“Work is going well, actually I suppose I should’ve told you before when you asked me what was new, I guess it slipped my mind. I was offered a position at an aerospace engineering company in D.C. The position is actually a promotion, and although I would rarely consider a drastic change such as this, I did some investigating.” It was as if he were reminiscing; he looked content and happy to have me listening. “Since we never really had ties to California, it would be nice to finally head to the east coast where you are, and where the rest of the family is. I entertained the idea for a little while. The contract was for five years with just as much job stability as the company I’m with now, and it is nearing the end of my current contract. It was definitely within the realm of practical possibility.”
Confused, I responded, “’Was’ as in past tense?”
My father had turned down the job. His exact words were, “It’s the right thing to do, Chloe. I can’t uproot the life we have here and risk your mother being unhappy for nothing.”
My mother is a good person. After the love that’s in all the movies with happy endings has run its course, she’ll continue on in that kind of love’s absence. She’s realistic; she knows that love is fleeting and ultimately a choice, not just a feeling. She believes nothing can endure time’s unsympathetic passing. She finds freedom in what most people feel restless or imprisoned by. For her, there’s liberation in security and predictability. Without faltering, she does what she thinks is right; for her, there is no gray area. She believes that happiness is ultimately a meaningless pursuit. Other people’s happiness as well as her own, was never of paramount importance in her life. What’s important to my mother is stability, and my father thought that so long as their life together was stable, she would be happy.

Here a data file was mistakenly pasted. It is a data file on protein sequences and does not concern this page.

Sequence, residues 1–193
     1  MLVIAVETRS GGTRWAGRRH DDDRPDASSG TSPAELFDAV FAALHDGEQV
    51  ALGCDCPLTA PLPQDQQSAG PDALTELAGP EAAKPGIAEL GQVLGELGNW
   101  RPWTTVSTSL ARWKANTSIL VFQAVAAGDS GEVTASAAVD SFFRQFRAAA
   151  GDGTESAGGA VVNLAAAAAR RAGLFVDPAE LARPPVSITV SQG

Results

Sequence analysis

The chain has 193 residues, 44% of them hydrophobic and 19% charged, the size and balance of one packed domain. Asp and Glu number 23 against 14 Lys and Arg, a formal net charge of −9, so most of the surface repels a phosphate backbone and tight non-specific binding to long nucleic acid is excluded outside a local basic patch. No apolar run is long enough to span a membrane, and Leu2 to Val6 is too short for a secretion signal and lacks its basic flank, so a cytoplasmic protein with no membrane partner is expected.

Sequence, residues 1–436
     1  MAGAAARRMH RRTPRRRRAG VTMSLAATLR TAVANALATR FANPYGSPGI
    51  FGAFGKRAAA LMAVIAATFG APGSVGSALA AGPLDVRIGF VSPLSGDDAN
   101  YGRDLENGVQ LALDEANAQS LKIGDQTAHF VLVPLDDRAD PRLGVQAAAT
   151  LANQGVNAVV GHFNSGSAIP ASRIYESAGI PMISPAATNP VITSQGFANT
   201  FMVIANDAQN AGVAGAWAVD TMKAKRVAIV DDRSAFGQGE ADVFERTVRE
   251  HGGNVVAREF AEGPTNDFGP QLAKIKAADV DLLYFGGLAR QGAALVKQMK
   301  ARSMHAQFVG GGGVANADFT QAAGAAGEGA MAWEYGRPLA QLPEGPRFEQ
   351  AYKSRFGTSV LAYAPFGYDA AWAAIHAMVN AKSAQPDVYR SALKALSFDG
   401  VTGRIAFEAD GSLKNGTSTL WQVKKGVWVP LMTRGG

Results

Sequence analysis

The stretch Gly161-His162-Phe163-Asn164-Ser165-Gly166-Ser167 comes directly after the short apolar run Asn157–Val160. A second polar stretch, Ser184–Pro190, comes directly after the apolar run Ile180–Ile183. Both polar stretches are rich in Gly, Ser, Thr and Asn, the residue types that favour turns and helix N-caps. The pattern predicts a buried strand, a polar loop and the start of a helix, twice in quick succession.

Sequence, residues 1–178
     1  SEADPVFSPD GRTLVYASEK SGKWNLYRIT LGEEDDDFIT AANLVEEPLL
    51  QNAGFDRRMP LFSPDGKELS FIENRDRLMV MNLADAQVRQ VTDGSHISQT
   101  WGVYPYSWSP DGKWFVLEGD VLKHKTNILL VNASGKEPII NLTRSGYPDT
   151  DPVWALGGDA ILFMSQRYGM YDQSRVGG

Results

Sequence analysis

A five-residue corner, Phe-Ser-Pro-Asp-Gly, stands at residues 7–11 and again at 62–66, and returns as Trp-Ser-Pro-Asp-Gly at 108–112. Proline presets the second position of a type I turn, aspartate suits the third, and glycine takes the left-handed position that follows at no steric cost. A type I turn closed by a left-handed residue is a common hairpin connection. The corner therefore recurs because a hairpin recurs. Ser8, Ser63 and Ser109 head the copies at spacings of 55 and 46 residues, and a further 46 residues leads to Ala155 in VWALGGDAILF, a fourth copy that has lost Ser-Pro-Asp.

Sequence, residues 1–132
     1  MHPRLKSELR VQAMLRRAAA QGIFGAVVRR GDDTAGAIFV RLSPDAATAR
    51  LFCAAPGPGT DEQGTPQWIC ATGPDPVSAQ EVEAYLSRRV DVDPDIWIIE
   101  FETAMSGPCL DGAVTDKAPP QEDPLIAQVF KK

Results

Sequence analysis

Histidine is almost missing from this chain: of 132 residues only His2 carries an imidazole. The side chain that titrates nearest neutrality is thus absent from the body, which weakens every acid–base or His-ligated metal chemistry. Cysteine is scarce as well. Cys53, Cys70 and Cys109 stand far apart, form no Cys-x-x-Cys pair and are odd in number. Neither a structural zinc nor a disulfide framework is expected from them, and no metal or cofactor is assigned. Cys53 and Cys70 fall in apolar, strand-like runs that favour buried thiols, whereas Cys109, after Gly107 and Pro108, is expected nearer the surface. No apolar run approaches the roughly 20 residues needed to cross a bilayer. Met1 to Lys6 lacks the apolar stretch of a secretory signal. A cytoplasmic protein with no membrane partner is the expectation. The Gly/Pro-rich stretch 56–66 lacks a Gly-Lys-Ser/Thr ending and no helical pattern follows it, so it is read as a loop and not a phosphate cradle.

So as I turned to look out the window, questions formed a traffic jam inside my head like the cars in the neighboring lanes. I knew my mother had communicated her doubts to my father while also making it seem like this was what he needed to inevitably do. Yet, what I didn’t know is that he also knew this. Still, he was happy to talk about something he knew would never happen. Mundanity consumed their days, and I couldn’t remember a time when I had seen them smile while looking directly at each other. I asked him “Are you afraid of taking this risk and it not being what you hoped?”
He suddenly looked tired as he said, “I just want your mother to be happy.” To accept the job would be far too great of a risk for my father. If things didn’t go as planned, my mother would never let him forget, and her disappointed gaze would slowly eat away at my father.
It’s true that their love was a passage re-learned by rote in later years. They made a vow to each other and to God, they were bound by law and mutual acceptance of this reality. They were content with their love existing as an afterthought. They both find security and purpose in what most people would find monotonous.
My parents are good people. They’re like sturdy houses that are average in almost every respect, yet able to endure the harshest of weather. Maybe that is their defiance and triumph, to simply endure.